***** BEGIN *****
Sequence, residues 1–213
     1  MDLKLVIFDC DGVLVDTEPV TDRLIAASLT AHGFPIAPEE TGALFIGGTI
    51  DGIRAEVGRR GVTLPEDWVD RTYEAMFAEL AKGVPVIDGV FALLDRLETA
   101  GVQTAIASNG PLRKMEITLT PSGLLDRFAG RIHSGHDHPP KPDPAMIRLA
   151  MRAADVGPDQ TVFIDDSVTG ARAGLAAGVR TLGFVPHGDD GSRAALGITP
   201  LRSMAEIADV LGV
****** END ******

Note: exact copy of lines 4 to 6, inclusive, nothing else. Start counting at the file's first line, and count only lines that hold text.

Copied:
   101  GVQTAIASNG PLRKMEITLT PSGLLDRFAG RIHSGHDHPP KPDPAMIRLA
   151  MRAADVGPDQ TVFIDDSVTG ARAGLAAGVR TLGFVPHGDD GSRAALGITP
   201  LRSMAEIADV LGV